Prisoner of Hope
I talked to a good friend this week who said it bluntly. "I have given up on hope."
I get it. Earthquakes, riots, terrorism, racism, poverty, and scapegoating on every side. I get it.
The only thing I knew to say to my friend was that we may give up on hope, but hope has not given up on us. In fact, because I am a Christian, I am a prisoner of hope.
Being a prisoner of hope means fundamentally that all of the problems of life are not the final word. Resurrection is the final word.
It means that every impulse that elevates the soul, every glimmer of hope, every hint of peace, every sliver of love, every bit of trust, every surprise of laughter, is a sign – a taste, a glimpse – of the hope that is to come.
But it means even more.
It means that hope is not just for the world to come, but hope can be found in this world.
Here. Now. With you and me.
The worlds collide when we look for it, and we find it in thin places.
Being a prisoner of hope means that when Jesus’ friends arrive at his tomb, and they are told that he is risen, nothing is out of the question. We live with impossible possibilities at each turn.
It means that while optimism is naive, and cynicism is a dead end, resurrection is possible in all things.
The end is not what the disciples thought it was. It was only the beginning.
And so when we find ourselves assuming that all is lost, gone, broken, finished and can never be put back together again, you can cry out, "I have given up hope!"
But just take a deep breath because hope will simply not let you go. You are a prisoner of hope.
"So by daylight on July 3rd, morning thoughts of a stiff sobriety were plainly in order. But in the midst of such circular thinking, an actual happening intervened with no trace of warning. I was suddenly not propped in my brass bed or even contained in my familiar house. By the dim new, thoroughly credible light that rose around me, it was barely dawn; and I was lying fully dressed in mod¬ern street clothes on a slope by a lake I knew at once. It was the big lake of Kinnereth, the Sea of Galilee, in the north of Israel—green Galilee, the scene of Jesus' first teaching and healing. I'd paid the lake a second visit the previous October, a twelve-mile-long body of fish-stocked water in beautiful hills of grass, trees and small family farms.
Still sleeping around me on the misty ground were a number of men in the tunics and cloaks of first-century Palestine. I soon understood with no sense of surprise that the men were Jesus' twelve disciples and that he was nearby asleep among them. So I lay on a while in the early chill, looking west across the lake to Tiberias, a small low town, and north to the fishing villages of Capernaum and Bethsaida. I saw them as they were in the first century—stone huts with thatch-and-mud roofs, occasional low towers, the rising smoke of break¬fast fires. The early light was a fine mix of tan and rose. It would be a fair day.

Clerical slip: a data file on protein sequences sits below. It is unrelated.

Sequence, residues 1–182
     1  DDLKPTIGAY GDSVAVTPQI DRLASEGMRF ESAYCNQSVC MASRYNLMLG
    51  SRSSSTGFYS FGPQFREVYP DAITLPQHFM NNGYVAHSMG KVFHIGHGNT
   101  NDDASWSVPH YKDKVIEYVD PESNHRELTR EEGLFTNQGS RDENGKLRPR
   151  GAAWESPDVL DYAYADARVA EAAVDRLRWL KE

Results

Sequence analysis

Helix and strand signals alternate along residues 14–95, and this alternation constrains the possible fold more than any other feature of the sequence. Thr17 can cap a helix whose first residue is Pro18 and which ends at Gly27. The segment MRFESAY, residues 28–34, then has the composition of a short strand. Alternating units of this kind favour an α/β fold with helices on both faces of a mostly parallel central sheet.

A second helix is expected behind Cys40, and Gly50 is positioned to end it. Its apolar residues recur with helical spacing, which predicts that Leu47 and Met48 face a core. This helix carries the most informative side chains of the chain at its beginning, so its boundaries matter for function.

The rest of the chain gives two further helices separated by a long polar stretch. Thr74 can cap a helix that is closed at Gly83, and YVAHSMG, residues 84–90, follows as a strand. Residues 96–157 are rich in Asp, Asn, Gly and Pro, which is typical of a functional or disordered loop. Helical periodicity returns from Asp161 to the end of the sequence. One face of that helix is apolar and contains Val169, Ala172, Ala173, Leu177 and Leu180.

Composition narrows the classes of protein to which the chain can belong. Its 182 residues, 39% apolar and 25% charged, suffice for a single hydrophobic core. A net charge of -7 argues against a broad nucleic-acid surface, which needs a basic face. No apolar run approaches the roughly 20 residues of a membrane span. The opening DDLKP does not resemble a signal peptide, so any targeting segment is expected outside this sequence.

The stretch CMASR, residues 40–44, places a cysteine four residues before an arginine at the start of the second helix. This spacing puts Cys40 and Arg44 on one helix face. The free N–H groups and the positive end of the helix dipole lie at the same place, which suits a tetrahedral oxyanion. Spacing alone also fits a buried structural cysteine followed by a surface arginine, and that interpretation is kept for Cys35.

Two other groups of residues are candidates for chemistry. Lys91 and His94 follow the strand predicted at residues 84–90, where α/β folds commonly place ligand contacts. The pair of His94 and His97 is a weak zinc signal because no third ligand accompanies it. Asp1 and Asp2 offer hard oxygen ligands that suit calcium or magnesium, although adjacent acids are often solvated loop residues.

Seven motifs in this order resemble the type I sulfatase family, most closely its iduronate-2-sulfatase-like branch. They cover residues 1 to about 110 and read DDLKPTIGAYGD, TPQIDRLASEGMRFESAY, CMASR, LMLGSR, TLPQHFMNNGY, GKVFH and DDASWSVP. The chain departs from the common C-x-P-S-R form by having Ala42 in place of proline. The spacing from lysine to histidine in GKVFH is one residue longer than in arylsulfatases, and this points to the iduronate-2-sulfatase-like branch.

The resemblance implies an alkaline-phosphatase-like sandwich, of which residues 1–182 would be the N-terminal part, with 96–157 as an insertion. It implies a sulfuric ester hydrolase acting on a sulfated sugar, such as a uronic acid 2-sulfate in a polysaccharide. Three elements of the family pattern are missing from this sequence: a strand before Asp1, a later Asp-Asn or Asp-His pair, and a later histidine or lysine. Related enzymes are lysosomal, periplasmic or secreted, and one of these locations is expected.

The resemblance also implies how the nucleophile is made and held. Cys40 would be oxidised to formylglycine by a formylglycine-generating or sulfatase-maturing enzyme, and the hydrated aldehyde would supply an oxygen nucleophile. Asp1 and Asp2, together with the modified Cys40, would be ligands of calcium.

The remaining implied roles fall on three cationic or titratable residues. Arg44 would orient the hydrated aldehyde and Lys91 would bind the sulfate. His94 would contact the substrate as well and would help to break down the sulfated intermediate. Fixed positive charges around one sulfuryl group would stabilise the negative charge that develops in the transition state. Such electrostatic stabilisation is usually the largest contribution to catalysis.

Then one of the sleeping men woke and stood.
I saw it was Jesus, bound toward me. He looked much like the lean Jesus of Flemish paintings—tall with dark hair, unblemished skin and a self-possession both natural and imposing.
Again I felt no shock or fear. All this was normal human event; it was utterly clear to my normal eyes and was happening as surely as any event of my previous life. I lay and watched him walk on nearer.
Jesus bent and silently beckoned me to follow.
I knew to shuck off my trousers and jacket, then my shirt and shorts. Bare, I followed him.
He was wearing a twisted white cloth round his loins; otherwise he was bare and the color of ivory.
We waded out into cool lake water twenty feet from shore till we stood waist-deep.
I was in my body but was also watching my body from slightly upward and behind. I could see the purple dye on my back, the long rectangle that boxed my thriving tumor.
Jesus silently took up handfuls of water and poured them over my head and back till water ran down my puckered scar. Then he spoke once—"Your sins are for-given"—and turned to shore again, done with me.
I came on behind him, thinking in standard greedy fashion, It's not my sins I'm worried about. So to Jesus' receding back, I had the gall to say "Am I also cured?"
He turned to face me, no sign of a smile, and finally said two words—"That too." Then he climbed from the water, not looking round, really done with me.
I followed him out and then, with no palpable seam in the texture of time or place, I was home again in my wide bed. ..
Yet through all the assaults I mounted on such an unprecedented and suspicious assurance, I was never quite able for two consecutive days to destroy the unassailably physical core of that morning—the credible acts that I'd watched, felt and heard in what was an actual place on Earth, a place I'd visited and photographed. That hard integrity clung to the memory; what it promised would somehow result in my body. So it did but by no means at once."